So your career has spanned various creative fields, from fashion to film. How do these diverse pursuits inform and influence your approach to music making, particularly in the context of “Sleep”?

I would say that it informs it all. Everything that you do informs the step that you make next. It’s difficult for me to articulate how that does to me, but it’s a kind of muscle memory. And it’s always terrifying to move into a new medium. But once you begin, then that’s really the first step, is going into the room and daring to do it. You have to dare. Absolutely. And you don’t know where you are for a long time. Writing a song is like, for me, as if you’re plunging yourself into a dark corridor where you don’t know where anything is. It’s pitch black, and you’re trying to navigate furniture or objects, and you kind of know where the walls are, but you’re trying to get through. And at the end of this dark corridor, it could be diving into a pool. Like at the end, someone turns on the lights, and you go, that’s what that was. You have to begin. You have no idea where it’s going; it’s like a hall of mirrors or a deep, dark cavern, and you’re in there and you have no idea. You just have to trust that the next note is going to be fine and you’re going to find a way out, and then suddenly, it’s like, wow, that’s what that was.

I think the one who does take that plunge does come up to the other side with all these amazing and varied experiences compared to someone who just stays in one place all their life.

Yeah, also without too many people. I mean, it’s a blessing and a curse in many respects, because if you have a lot of people from a record company dictating what you need to do or what is commercial or what is not commercial, what words you can use or what sounds you can use, it can get very complicated. If you have accountants leading the artistic vision, I’m not sure if that’s really where we want to end up the right way.

Makes sense. Now, beyond music, your diverse creative endeavours include film production, curation, and design. How do these varied pursuits intersect with your music-making process, and how do they influence each other in significant ways?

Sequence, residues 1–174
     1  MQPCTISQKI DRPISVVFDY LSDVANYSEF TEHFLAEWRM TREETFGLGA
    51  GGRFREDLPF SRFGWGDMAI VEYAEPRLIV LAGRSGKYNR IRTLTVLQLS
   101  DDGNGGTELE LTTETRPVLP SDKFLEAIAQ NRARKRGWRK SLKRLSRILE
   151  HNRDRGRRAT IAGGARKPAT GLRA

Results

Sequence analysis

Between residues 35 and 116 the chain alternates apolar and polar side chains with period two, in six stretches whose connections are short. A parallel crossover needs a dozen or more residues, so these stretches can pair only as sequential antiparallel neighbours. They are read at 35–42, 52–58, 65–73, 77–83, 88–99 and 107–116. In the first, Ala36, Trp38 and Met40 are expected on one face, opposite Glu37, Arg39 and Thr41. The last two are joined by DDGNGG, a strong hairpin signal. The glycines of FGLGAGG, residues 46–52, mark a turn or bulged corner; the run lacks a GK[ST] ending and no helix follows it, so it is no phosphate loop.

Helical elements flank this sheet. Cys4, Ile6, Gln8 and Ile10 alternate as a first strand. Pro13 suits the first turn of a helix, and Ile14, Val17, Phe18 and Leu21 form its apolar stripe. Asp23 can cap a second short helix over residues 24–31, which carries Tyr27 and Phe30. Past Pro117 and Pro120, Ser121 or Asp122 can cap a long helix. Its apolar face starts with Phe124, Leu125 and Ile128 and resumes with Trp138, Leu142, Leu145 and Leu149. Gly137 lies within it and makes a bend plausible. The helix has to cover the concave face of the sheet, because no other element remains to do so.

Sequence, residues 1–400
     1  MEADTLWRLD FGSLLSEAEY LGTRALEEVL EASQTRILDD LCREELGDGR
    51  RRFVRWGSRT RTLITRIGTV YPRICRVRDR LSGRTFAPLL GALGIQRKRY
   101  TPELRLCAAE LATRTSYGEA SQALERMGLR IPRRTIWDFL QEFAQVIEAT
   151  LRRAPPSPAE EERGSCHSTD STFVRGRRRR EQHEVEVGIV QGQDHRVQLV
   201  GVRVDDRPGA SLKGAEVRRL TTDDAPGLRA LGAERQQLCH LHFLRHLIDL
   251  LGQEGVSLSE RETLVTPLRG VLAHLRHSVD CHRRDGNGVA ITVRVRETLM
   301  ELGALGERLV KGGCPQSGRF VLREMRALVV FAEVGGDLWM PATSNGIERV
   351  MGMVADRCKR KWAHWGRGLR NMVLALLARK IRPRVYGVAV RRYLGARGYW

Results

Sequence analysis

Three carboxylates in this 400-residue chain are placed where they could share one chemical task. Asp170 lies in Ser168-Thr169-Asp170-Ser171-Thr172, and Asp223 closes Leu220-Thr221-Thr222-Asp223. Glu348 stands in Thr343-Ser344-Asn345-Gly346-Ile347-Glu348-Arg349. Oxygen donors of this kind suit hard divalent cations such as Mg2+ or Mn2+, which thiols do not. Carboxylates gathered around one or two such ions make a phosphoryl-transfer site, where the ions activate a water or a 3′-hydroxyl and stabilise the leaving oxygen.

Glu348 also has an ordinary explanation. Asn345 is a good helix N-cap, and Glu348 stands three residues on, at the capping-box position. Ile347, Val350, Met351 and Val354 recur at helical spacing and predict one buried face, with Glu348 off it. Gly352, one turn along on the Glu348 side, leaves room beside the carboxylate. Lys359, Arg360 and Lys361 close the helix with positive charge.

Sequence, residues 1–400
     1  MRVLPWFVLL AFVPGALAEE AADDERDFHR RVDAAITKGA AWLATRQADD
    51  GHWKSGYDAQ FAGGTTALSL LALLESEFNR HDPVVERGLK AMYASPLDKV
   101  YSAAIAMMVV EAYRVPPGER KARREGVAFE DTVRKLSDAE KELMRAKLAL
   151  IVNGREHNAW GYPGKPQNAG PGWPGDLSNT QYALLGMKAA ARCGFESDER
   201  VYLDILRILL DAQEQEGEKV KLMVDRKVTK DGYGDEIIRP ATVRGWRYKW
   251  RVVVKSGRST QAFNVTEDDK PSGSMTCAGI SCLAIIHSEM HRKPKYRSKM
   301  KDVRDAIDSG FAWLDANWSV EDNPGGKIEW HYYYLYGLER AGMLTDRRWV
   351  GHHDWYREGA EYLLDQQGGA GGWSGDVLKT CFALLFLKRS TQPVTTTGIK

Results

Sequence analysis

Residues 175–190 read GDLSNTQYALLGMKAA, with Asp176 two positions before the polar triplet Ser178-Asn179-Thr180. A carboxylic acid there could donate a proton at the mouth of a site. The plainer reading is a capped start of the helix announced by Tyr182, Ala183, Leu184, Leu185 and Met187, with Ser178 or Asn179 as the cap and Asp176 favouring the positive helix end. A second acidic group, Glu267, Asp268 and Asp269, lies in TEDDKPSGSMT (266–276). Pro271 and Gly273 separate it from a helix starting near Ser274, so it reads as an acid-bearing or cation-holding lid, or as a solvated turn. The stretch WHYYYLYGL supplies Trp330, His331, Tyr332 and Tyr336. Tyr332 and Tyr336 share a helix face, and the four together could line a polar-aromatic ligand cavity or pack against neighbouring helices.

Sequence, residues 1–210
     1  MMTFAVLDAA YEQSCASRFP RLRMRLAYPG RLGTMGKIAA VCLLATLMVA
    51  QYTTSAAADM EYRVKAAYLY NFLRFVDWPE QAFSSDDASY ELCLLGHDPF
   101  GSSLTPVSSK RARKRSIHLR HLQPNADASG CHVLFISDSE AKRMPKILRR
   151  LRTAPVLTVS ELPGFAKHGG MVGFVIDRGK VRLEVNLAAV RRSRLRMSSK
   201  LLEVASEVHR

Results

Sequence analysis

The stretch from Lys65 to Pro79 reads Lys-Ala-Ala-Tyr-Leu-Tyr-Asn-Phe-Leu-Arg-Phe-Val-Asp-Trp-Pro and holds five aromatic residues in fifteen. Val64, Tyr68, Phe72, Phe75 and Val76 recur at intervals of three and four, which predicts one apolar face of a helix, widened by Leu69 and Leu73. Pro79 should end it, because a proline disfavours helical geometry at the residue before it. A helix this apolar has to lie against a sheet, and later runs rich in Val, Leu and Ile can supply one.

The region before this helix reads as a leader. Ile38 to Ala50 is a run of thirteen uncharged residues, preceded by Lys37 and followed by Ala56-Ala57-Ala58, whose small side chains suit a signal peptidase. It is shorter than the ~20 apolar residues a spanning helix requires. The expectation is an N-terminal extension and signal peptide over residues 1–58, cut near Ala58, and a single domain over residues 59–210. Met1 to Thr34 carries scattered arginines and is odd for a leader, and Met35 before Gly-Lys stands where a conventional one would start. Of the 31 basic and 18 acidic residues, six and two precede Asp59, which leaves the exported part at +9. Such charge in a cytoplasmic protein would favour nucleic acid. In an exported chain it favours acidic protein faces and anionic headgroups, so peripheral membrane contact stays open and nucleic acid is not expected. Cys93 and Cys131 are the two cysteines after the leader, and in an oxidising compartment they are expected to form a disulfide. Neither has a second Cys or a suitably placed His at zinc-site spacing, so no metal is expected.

Well, one thing you missed from that is perfume. I do that as well. With me, you’re entering a world. It’s everything. It’s each sensory, you know, so it’s sound, vision, feel. Yeah, look. So that’s how it informs. And one plays off the other because you can’t. I mean, for me, I’m very attuned to every kind of— I suppose it’s just the way I was brought up.

Like all the different creative realms you’ve been surrounded by all your life.

Yes, absolutely and for me, I love going into things deeply, again, it’s the beginner’s thing. How much more can you discover to create an experience for the observer, listener, or just as a human entity?

So I, you know, with film, I started with— I wanted to know how many reels of film create how many seconds of moving images. This is years and years ago. So, you know, starting with analogue, going into digital, going into the editing, going into the light, going into all those sorts of basic things, because to me, that’s the fascinating part. It’s how everything works.

So in all of these collaborations, what do you look for when you end up delving into these collaborations? In, like, three words.

Light, form, and feel.

Coming back to Sleep. So, in what I have read, you mentioned that it encompasses your worldview at this moment. Can you elaborate on the personal and thematic reflections embedded within the album and how they relate to our experiences and perspectives?

Well, Sleep to me— I mean, the only way you can envision a new world is if you sleep. And you can dream up a new world in which to inhabit because there’s just too much noise. Too much noise. So as a child of surrealism, the only way I can dream a new world is by sleeping. I quite like it. Yes. There’s a lot of interference, a lot of noise, a lot of voices. The world hasn’t changed, I don’t think, for 10,000 years, with people being utterly ghastly to each other, and it seems we never learn. But I think in order to break that, you need to have structure, but you also have to have imagination, rules, and kindness. When I’m looking for a word, it’s because I’m hearing it in my head, but it’s often a note of music rather than being able to articulate it between languages if that makes sense.

Sleep is out now.

Interview Ishika Paruthi